Teaching

I enjoy talking about, reading about, and writing about teaching. I enjoy looking at other teachers’ syllabi, assignments, teaching resources, etc. So here I share some of my own work on teaching and then link to some favorites.

My Syllabi

Click here for a list of my current and previous syllabi.

My Assignments

I have not shared all my assignments here, but I plan on sharing some.

Here is my version of the unessay.
Here I discuss my initial attempt at assigning an unessay.
Here I describe an archive assignment.
Here I reflect on my faux primary source assignment, an assignment I’ve since tinkered with.

My Thoughts on Teaching

Here I explain why I take my students into the archives.
Here I talk about my favorite primary sources to teach. Here I talk about it again, focusing on non-text sources.
Here I reflect a bit on teaching the capstone in Religious Studies at my institution (something I’ll try for the first time in Fall 2017).
Here I think some on James Lang’s 2017 book Small Teaching.

More Resources!

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As I enjoy reading about teaching, I’ve compiled a list here of some of my favorite teaching resources online. This list will perpetually be a work in progress, and especially as of now (Fall 2017), it’s pretty meager.

Resources on/about Teaching

Teaching for Diversity and Social Justice, edited by Maurianne Adams, Lee Anne Bell, Dianne Goodman and Khyati Joshi, is a great resource. And its accompanying website is pretty rad.
The #Charlestonsyllabus project, developed after the white supremacy-motivated violence in June 2015, brings together wonderful resources on racism.
The open, peer-review site for Digital Pedagogies in the Humanities (Rebecca Davis, Matt Gold, Kathy Harris, and Jentry Sayers, eds.) is a great place to look for ideas on a wide range of topics.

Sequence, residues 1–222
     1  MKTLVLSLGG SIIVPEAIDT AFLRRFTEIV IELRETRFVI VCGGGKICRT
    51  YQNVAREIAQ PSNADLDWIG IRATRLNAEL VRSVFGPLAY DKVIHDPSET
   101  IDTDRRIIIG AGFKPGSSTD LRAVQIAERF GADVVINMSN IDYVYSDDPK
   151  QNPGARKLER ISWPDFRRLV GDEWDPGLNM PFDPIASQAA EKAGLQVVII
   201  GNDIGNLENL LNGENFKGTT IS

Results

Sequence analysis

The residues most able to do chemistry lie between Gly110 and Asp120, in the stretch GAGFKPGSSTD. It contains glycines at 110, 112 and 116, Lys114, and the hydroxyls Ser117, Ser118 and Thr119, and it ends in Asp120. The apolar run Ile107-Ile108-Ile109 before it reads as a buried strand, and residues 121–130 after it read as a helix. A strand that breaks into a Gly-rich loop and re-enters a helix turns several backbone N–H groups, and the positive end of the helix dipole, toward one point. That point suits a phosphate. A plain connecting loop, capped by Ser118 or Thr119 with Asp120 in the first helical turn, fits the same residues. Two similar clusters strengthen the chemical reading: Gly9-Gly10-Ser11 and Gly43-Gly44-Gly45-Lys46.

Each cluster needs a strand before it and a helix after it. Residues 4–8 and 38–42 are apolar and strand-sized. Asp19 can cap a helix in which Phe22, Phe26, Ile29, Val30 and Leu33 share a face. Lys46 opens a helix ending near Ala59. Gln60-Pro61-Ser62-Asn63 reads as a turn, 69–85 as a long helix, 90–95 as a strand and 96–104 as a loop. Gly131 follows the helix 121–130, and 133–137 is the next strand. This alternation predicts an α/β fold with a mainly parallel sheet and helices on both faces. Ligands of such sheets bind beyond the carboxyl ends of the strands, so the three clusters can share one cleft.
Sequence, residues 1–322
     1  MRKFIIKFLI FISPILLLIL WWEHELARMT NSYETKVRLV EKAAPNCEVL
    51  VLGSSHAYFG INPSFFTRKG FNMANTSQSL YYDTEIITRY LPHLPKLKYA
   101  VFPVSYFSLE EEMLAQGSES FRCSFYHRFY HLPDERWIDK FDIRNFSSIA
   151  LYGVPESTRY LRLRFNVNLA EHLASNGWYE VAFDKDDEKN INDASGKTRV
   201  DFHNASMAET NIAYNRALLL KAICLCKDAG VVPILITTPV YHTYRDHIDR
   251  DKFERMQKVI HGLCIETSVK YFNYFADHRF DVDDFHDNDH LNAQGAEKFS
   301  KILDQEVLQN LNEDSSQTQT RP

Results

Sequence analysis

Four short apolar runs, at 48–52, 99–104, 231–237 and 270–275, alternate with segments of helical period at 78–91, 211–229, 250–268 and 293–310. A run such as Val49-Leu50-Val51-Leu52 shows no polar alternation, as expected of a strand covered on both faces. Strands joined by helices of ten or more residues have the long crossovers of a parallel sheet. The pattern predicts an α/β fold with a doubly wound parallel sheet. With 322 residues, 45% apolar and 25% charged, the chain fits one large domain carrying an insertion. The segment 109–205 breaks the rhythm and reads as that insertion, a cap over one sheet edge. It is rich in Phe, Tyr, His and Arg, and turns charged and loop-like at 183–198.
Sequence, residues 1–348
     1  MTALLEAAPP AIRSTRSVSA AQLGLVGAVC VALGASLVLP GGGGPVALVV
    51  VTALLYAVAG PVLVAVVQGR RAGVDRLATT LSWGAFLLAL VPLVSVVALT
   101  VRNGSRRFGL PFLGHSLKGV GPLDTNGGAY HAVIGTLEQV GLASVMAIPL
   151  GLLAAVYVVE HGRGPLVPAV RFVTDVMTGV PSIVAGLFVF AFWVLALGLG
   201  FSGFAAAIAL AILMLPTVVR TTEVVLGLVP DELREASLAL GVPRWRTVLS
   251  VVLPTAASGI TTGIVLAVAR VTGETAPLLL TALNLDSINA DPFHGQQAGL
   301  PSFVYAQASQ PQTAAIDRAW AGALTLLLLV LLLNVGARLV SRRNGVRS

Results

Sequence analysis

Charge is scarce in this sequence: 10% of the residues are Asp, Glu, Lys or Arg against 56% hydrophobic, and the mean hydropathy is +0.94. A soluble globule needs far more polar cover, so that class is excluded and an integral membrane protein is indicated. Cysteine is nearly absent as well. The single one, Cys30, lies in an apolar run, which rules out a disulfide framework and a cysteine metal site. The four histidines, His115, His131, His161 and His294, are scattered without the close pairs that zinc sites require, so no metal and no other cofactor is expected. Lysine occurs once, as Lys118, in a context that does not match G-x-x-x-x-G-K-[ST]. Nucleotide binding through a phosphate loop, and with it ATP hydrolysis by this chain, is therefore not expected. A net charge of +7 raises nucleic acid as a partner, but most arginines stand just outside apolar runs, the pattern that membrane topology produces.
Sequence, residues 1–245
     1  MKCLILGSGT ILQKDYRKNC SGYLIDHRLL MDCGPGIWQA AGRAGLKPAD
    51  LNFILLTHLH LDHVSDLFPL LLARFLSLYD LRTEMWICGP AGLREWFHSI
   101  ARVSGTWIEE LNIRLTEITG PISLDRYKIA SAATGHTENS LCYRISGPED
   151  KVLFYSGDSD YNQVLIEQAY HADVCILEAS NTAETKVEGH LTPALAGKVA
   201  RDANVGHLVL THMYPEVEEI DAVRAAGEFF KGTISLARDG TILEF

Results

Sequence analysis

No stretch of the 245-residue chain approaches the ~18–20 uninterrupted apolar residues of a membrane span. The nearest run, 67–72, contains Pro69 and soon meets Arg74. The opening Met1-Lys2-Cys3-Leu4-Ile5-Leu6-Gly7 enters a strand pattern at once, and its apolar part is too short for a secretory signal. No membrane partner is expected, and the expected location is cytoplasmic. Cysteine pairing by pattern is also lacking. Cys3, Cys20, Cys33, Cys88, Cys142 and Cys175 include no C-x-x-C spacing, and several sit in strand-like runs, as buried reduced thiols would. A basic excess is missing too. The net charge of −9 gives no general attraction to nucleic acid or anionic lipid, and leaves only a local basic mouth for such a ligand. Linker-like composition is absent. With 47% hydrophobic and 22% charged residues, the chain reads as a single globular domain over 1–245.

“How Not to Teach Digital Humanities” was an essay by Ryan Cordell that helped me figure out how I wanted to try to teach Digital Humanities.

Resources on Syllabi

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Tona Hangen’s post on the syllabus extreme makeover is what inspired me to rethink the layout and format of my syllabi.
Kevin Gannon (@thetattooedprof)’s series on DIY Syllabus published by Chronicle Vitae is fabulous.
This article from Change: The Magazine of Higher Learning makes a strong case about why the syllabus matters.
Accessible Syllabus makes a good case for why syllabi matter for empowering students.
The vault of syllabi from the Young Scholars of American Religion program at the Center for the Study of Religion & American Culture. A version of my American Christianities course will soon join the collection.

Resources for Teaching

Textbooks are not always cheap, so free, open-access sources are great in the classroom. Dr. Hilary Green at the University of Alabama has curated a great list of digital resources.

Resources on Assignments

A reflective essay from Dr. Kelly J. Baker on having students do ethnography in an undergraduate class.
Dr. Sarah Dees took an undergraduate class into a museum for an assignment and wrote about it.

Religious Studies-Specific Resources

Teaching New and Alternative Religious Movements (published by AAR’s Religious Studies News) is a great resource on just that.

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